‘A veritable nightmare’ Employers face administrative hell with new leave regulations

Malta Chamber says a centralised system is urgently needed to help track parental leave take-up as new laws come into force next month

Malta Chamber President Marisa Xuereb
Malta Chamber President Marisa Xuereb

It is imperative that a centralised system for keeping a record of parental leave utilisation is introduced since new regulations introduced by the government this week could very well prove to be ‘a veritable nightmare’ for employers, the Malta Chamber of Commerce, Enterprise and Industry is insisting.

Chamber president Marisa Xuereb told BusinessToday that employers will be hard-pressed to keep track of parental leave taken by each parent unless a centralised system is put in place, to be administered either by JobsPlus, DIER or the Maternity Leave Fund.

Under the new laws, fathers will be receiving 10 days paid leave, while new parents can benefit from up to two months paid leave. Regarding parental leave, parents will now be entitled to two months paid leave at the national parental leave rate. They will also benefit from another two months of unpaid leave which will be transferable from one parent to another.

Parental paid leave can be taken gradually across the first eight years of parenthood. In the first four years, the parents have to take 50% of the paid leave, or four weeks total.

Between the fourth and sixth years, parents can take two weeks paid leave. The remaining two weeks of paid leave can be taken between the sixth and eighth.

Xuereb said that having Jobsplus, DIER or the Maternity Leave Fund administer a centralised tracking system would ensure that there is no abuse of the benefit and ease the administrative burden of implementation on employers.

“Imagine an employer having to keep track of the leave taken by each employee, for each child they have, tracking each leave day over a period of eight years, possibly across multiple employers, since employees tend to change jobs multiple times over a period of eight years ... this could very well turn out to be a veritable nightmare,” she said.

The legislative package will come into effect on 2 August. Government will finance all the measures until 2023. As from 1 January 2024, the private sector will have to finance its share.

Like other EU member states, Malta had an obligation to implement this EU Directive by the end of this month.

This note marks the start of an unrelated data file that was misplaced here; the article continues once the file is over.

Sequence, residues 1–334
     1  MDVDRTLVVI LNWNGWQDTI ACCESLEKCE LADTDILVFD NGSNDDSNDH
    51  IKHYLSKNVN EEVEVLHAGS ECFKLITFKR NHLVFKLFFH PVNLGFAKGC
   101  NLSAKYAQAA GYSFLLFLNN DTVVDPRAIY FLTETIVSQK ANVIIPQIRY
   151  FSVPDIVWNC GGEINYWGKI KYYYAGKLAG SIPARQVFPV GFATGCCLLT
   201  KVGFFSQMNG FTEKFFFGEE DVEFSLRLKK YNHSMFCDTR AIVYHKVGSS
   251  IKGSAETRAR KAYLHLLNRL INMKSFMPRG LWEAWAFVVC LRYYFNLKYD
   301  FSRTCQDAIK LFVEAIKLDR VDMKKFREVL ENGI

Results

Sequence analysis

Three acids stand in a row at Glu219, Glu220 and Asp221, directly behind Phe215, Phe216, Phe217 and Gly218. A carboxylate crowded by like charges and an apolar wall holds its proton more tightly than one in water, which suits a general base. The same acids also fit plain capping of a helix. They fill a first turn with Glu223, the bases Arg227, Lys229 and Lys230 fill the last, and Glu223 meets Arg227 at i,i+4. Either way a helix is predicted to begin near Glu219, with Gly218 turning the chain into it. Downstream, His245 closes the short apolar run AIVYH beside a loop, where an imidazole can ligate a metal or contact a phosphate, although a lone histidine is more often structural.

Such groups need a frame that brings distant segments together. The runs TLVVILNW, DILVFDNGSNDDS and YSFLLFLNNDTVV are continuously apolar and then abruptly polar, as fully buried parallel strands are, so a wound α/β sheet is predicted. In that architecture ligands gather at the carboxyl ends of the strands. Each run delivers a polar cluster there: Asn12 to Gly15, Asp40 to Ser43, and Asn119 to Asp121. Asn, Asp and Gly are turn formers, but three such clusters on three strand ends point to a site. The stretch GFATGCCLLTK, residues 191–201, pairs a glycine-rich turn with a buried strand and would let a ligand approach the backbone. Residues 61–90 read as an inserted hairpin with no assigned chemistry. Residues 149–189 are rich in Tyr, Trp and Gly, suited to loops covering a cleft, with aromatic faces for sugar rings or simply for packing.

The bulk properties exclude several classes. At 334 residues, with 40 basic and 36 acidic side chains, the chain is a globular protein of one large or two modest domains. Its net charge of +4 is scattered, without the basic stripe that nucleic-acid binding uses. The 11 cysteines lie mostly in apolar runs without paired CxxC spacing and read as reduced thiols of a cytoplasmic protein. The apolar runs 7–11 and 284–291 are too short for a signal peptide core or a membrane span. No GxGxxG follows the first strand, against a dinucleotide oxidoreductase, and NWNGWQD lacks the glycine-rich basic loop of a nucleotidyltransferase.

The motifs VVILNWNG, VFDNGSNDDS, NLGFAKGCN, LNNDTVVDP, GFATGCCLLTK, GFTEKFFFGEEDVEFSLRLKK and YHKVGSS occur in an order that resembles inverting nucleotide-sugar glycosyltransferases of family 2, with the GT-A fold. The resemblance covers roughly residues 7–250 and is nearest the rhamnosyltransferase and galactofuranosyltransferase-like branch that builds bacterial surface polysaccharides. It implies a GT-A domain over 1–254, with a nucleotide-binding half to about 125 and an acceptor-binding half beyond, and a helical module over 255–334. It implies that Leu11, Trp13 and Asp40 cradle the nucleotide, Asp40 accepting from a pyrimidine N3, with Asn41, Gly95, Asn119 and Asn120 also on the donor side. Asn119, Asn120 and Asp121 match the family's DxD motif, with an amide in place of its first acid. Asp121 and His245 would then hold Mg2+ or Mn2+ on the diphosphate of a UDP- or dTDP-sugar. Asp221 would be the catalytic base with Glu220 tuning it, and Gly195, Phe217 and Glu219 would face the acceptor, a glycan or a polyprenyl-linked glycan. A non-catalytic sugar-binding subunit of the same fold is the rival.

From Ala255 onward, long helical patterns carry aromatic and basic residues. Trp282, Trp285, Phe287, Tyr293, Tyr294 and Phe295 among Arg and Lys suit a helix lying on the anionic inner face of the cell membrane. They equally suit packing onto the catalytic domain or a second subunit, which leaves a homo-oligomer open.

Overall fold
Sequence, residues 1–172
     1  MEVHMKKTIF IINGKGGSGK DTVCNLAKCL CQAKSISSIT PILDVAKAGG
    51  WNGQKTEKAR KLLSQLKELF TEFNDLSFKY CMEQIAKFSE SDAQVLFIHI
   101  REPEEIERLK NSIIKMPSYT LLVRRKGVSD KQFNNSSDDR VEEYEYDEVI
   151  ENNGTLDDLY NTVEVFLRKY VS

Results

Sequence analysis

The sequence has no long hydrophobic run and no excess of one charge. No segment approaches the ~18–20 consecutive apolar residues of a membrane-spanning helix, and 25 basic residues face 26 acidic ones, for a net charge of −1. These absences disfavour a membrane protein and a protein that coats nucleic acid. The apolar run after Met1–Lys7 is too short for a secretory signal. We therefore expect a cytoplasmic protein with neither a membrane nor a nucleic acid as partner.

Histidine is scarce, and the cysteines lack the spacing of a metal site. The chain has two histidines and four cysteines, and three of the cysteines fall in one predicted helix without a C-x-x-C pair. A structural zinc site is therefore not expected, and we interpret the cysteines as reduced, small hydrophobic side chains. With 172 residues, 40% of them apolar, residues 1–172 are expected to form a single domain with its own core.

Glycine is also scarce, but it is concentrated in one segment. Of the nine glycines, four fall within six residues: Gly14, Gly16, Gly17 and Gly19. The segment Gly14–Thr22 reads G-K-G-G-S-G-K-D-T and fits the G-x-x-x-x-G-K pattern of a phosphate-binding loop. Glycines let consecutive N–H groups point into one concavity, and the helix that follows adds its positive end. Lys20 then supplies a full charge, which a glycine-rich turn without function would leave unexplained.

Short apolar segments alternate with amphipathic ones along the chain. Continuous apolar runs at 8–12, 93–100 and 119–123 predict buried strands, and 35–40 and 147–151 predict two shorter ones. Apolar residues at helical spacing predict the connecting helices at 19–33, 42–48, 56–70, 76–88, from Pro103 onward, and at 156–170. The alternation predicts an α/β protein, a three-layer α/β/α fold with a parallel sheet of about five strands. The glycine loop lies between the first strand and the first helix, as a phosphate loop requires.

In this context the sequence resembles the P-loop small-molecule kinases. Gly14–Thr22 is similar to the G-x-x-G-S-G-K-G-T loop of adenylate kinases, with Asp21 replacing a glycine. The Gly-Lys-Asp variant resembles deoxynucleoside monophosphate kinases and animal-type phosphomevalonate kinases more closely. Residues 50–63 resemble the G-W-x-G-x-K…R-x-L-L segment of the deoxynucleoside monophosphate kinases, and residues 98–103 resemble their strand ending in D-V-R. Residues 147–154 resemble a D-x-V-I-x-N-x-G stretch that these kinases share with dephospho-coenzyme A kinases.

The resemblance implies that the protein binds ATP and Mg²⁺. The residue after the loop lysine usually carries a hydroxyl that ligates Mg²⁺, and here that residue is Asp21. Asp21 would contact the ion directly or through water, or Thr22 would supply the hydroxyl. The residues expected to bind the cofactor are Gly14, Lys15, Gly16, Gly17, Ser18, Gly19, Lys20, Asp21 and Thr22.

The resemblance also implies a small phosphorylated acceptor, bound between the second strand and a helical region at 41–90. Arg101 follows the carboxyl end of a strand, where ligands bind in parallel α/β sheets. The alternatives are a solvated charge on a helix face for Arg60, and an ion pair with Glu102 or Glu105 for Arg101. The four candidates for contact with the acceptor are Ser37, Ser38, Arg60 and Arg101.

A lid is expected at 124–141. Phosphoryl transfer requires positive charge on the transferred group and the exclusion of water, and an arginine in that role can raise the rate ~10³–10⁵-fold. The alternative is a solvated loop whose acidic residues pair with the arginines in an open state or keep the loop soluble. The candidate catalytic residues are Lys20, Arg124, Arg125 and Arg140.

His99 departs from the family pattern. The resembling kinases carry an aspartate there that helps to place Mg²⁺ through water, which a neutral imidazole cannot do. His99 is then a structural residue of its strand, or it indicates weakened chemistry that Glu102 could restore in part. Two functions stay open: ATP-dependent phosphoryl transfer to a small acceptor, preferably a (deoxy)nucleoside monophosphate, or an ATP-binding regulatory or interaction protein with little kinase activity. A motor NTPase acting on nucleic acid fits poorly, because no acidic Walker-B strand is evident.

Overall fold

“To be fair, the new leave package is not overly excessive,” Xuereb said. “In fact, the number of days added were the bare minimum stipulated under the EU Directive, and other considerations, like carer’s leave, remains unpaid.”

She insisted however that the directive was agreed to at EU level at a time when employers were not facing the inflationary pressures that are being felt today.

Government will be funding the additional benefits in the first year but will place the onus on employers thereafter, through substantial increases in the Maternity Leave Fund contributions.

This will have a negative impact on businesses, many of them are still trying to recuperate from the pandemic and struggling with several challenges such as labour and skills shortages and the resultant wage inflation, high costs of raw materials and transportation, and uncertainty surrounding the sustainability of the current energy prices.

Xuereb said that the current situation calls for greater sensitivity and a reassessment of the situation after the first year of implementation.

She also insisted that no portion of parental leave entitlement under the revised parameters should have been made transferable between the parents.

“In the interest of facilitating the administration of parental leave - and more importantly, of ensuring equal burden sharing between parents, irrespective of gender - no portion of parental leave entitlement should be transferable,” she said.

Xuereb said that although this recommendation had been made by all employer bodies - jointly - in writing, it was not taken up by Government.

“This is a missed opportunity to do something tangible to address both the gender employment gap and the gender pay gap and runs counter to promoting female participation in the labour market,” she said.

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